Well, this is awkward...
Yesterday, I wrote about a UK mandate that all new construction be built with electric vehicle charging already installed. It was, I argued, a welcome step toward more mainstream adoption. And it made sense as a benefit for all consumers—not just current electric vehicle owners—given that the government was also planning to ban sales of petrol/diesel-only cars by 2040.
That ban, however, appears to be shifting. And not in the right direction.
Green groups are up in arms, reportedly, that the government is now indicating that hybrid vehicles—not just plug-in hybrids—will still be allowed under this plan. This means cars that still burn a significant amount of gasoline and/or diesel may still be being sold more than two decades from now. It's hardly a move that's in keeping with Britain's espousing of "high ambition" climate action, but you'd think that oil CEOs, at least, would be pleased.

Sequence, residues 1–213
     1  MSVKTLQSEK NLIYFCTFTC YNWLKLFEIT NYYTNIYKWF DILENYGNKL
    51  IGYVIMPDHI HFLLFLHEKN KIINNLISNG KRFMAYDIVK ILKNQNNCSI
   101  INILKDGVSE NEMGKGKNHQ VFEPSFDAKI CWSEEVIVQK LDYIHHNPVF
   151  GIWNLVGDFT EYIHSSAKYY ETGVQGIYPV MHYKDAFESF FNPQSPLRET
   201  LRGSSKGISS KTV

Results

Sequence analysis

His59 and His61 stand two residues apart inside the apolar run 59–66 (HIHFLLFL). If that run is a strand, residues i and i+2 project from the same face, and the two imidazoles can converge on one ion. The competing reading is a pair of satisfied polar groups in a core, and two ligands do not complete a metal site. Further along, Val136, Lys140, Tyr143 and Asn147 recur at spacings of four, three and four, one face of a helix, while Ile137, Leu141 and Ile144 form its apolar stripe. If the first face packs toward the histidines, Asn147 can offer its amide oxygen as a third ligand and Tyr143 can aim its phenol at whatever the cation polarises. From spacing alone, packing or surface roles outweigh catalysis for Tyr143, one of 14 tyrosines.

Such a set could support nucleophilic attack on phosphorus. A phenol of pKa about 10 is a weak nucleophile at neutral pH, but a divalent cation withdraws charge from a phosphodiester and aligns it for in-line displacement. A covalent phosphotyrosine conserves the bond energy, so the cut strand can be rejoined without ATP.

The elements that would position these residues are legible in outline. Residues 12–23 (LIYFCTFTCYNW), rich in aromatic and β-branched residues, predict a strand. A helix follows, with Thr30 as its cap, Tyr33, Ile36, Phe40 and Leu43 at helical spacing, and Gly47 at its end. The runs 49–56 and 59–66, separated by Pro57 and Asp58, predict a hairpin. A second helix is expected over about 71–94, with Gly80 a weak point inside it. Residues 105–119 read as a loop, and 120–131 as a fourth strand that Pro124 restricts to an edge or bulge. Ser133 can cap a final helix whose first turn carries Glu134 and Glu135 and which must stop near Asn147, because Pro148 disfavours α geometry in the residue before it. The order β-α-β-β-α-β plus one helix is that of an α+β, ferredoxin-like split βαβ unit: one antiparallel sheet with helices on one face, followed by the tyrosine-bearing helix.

Or maybe not.
According to a report in The Guardian last week, Shell CEO Ben van Beurden is actually on record arguing that the UK bring forward its petrol/diesel plan, suggesting that clarity on electrification would help everyone—Shell included—to make decisions about investment moving forward. (Shell has already made waves buying up both electric utilities and electric vehicle charging networks.)
Given that the country's grid operator, National Grid, has also stated that it sees no impediment to bringing the ban forward to 2030, it's disappointing to see the government sticking to such a long, slow phaseout. Adding the hybrid exemption to the mix just feels like rubbing salt in the wounds.